A mum's tragic battle against inflammatory breast cancer

"Vicki smiled all the time. She smiled until one hour before she passed away."
"Vicki smiled all the time. She smiled until one hour before she passed away." Photo: Supplied

Nursing her three-month-old baby boy Charley, Vicki knew something wasn't quite right. Her breast, which had changed colour to an angry shade of red, was suddenly rock hard with a searing pain that wouldn't subside.

A visit to the doctor resulted in a diagnosis of mastitis, and Vicki was told she should continue to breastfeed her baby. But still the symptoms persisted.

Three-and-a-half months and two more diagnoses of mastitis later, Vicki made the decision to see a different doctor. She was immediately hospitalised and subjected to a barrage of tests. And that was when the crushing news was delivered: at just 37 years of age, with beautiful two-year-old and six-month-old sons, Sunny and Charley, Vicki was diagnosed with inflammatory breast cancer.

Vicki and her sons during her treatment.
Vicki and her sons during her treatment. Photo: Supplied

"It is often confused with mastitis," says Professor Ian Olver, CEO of Pink Ribbon, who explains that inflammatory breast cancer vastly differs from other strains. "Instead of having a lump or something you can see on a mammogram, you get this red, mean and oedema swelling and redness of the breast. It progresses fairly rapidly."

Tragically, the quick timeline rang true for Vicki. Diagnosed on January 10, 2013, she became embroiled in the battle of her short lifetime. Only nine months on, after the bravest fight, Vicki succumbed to inflammatory breast cancer on October 18, 2013.

In the face of this heartbreaking loss, Vicki's mum, Helen, and her youngest sister, Stacey, have vowed to create a legacy she would be proud of.

"We want to raise awareness of inflammatory breast cancer, because as soon as you mention it the response is 'what's that?'" Helen says.

When looking at the statistics, it's not surprising that the general public – and even some people in the medical fraternity – aren't aware of the cancer.

"Each year, around 0.1 per cent of the 15,000 women diagnosed with breast cancer will be diagnosed with inflammatory breast cancer," says Dr Vivienne Milch, medical officer with Cancer Australia.


Approximately 48 out of every 100 women survive at least five years after the diagnosis. Because of her love for her children, Vicki tried her hardest to beat the insidious cancer inside her; right until her last moments, her mum says, she never stopped battling to survive.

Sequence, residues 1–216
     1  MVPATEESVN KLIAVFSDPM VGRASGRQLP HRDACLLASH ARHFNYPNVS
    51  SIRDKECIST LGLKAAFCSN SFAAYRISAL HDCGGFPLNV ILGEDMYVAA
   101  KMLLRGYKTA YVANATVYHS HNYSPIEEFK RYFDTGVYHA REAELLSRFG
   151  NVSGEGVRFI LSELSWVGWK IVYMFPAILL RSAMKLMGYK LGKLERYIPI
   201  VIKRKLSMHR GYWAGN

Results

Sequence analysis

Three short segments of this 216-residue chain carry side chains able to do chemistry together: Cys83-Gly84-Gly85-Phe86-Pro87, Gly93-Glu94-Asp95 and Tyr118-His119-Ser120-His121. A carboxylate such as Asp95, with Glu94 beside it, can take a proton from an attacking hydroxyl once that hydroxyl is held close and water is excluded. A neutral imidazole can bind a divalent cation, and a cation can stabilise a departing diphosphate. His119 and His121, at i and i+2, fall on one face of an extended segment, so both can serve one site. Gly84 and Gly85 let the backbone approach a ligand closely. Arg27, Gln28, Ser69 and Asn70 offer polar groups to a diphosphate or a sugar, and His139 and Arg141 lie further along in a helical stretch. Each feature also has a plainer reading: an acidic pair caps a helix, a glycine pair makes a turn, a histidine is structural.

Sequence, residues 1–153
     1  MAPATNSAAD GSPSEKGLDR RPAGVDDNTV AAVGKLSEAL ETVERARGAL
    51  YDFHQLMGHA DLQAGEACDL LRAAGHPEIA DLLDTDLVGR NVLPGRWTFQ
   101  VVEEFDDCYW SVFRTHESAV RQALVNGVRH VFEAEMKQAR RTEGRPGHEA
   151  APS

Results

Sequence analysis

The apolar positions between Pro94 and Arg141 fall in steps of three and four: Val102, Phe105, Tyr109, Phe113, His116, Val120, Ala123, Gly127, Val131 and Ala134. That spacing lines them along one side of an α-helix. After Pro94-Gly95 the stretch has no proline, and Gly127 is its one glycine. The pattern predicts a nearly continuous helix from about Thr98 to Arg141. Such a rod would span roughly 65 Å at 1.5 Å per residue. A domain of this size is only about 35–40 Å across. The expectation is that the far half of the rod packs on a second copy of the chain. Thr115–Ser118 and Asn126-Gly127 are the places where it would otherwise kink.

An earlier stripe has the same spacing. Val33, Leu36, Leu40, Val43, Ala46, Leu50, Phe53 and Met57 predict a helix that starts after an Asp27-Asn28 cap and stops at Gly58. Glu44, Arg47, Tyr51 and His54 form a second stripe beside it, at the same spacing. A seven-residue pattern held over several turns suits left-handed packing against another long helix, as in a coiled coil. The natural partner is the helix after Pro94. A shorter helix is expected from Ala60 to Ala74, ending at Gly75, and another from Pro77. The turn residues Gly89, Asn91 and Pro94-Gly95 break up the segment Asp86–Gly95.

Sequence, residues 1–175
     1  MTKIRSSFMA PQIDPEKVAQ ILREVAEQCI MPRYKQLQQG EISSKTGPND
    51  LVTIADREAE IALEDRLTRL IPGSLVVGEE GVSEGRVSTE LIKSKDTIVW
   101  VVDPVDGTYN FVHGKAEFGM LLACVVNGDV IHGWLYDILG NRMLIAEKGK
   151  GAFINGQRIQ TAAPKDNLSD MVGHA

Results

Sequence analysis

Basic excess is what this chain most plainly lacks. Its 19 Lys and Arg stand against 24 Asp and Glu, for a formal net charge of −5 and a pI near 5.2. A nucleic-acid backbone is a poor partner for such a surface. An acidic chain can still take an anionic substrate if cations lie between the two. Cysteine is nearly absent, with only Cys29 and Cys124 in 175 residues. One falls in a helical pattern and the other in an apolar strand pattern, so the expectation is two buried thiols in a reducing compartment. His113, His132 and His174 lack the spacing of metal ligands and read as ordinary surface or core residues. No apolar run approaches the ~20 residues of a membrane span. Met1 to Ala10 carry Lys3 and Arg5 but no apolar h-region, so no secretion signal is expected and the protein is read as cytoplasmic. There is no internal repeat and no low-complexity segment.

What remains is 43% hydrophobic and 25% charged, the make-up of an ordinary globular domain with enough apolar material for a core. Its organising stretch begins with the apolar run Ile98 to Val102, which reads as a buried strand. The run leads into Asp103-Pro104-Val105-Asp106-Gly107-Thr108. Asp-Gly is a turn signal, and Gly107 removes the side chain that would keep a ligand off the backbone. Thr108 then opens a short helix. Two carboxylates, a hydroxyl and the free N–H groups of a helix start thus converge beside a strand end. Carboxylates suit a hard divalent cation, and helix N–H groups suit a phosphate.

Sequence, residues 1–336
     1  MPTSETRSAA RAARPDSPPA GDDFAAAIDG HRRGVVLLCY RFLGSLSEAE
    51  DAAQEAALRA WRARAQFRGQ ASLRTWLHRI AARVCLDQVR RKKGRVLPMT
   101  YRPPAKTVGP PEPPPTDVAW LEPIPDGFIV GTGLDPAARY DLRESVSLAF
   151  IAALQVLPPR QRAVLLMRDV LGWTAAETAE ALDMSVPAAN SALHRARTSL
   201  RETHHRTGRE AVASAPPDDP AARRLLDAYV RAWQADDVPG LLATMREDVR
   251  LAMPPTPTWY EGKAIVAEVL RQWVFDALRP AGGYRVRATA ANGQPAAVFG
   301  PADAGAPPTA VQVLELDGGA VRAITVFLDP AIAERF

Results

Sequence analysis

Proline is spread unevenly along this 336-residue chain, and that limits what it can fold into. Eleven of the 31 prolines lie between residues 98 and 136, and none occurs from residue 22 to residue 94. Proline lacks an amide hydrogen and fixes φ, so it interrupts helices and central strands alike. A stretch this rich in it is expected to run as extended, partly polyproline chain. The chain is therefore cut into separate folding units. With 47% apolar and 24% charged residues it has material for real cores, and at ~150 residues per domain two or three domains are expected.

"Her passing was strong," Helen recounts, her voice laced with a mixture of pain and pride. "And they say when they've got babies, they fight."

Stacey's voice still brims with emotion when she speaks about her older sister. "Everybody loved Vicki, and she was beautiful. I idolised her and wanted to be like her," she says.

Vicki and her boys, Sunny and Charley.
Vicki and her boys, Sunny and Charley. Photo: Supplied

Helen says she will always remember her daughter's smile: "She smiled all the time. She smiled until one hour before she passed away."

"She never cried a lot but sometimes she would look at me and the tears would just be rolling down her cheeks. She knew in her heart she was gravely ill. I'd put my arm around her and I'd say 'if I could put it into me I would'.

"When they said it was in her spine she just cried and said 'but I've got babies!' 

"That was eight days before she passed away."

The key, as with all cancers, is not only early detection, but self awareness, says Dr Milch.

"Knowing what's normal for you is important for women of all ages, even if you're having regular mammograms," Dr Milch states. "You don't need to be an expert or use a special technique to check your breasts. You just need to take the time to familiarise yourself with your body so you can notice any changes that may be unusual for you."

Signs of inflammatory breast cancer can include:

• the breast looking red or inflamed, or a rash, as if it's infected or bruised

• the breast becoming swollen and enlarged; it may feel heavy or uncomfortable

• the breast feeling warm and tender

• the skin on the breast appearing dimpled or pitted, like an orange peel.

Some women may also have a lump in their breast or armpit, pain in the breast or nipple, discharge from the nipple, or a nipple that turns inwards (inverted nipple).

"Most of these changes aren't due to breast cancer, but it's important to see your doctor if you notice anything new or unusual for you," Dr Milch says.

In the rare case of a diagnosis, Professor Olver recommends phoning the Cancer Council helpline on 13 11 20. "Because it is rare, some who are diagnosed quickly may have never heard of it before and may want more information," he says.

For Helen and Stacey, who now live with the loss of their beloved daughter and sister, they are desperate to ensure other children don't have to grow up without their mummy, like little Sunny and Charley must do.

"We want young mums, any mums, to know that if you get mastitis and it's not clearing up within a week, don't mess around – go for an ultrasound," Helen says adamantly.

They don't want you to be alarmed, just to be aware. For the sake of their Vicki and how hard she fought, they hope you honour her memory with this one wish.

For more information on inflammatory breast cancer, visit canceraustralia.gov.au/inflammatorybreastcancer.

If you or your family have concerns about breast cancer, call Cancer Council on 13 11 20. To get involved in Pink Ribbon Day visit pinkribbon.com.au.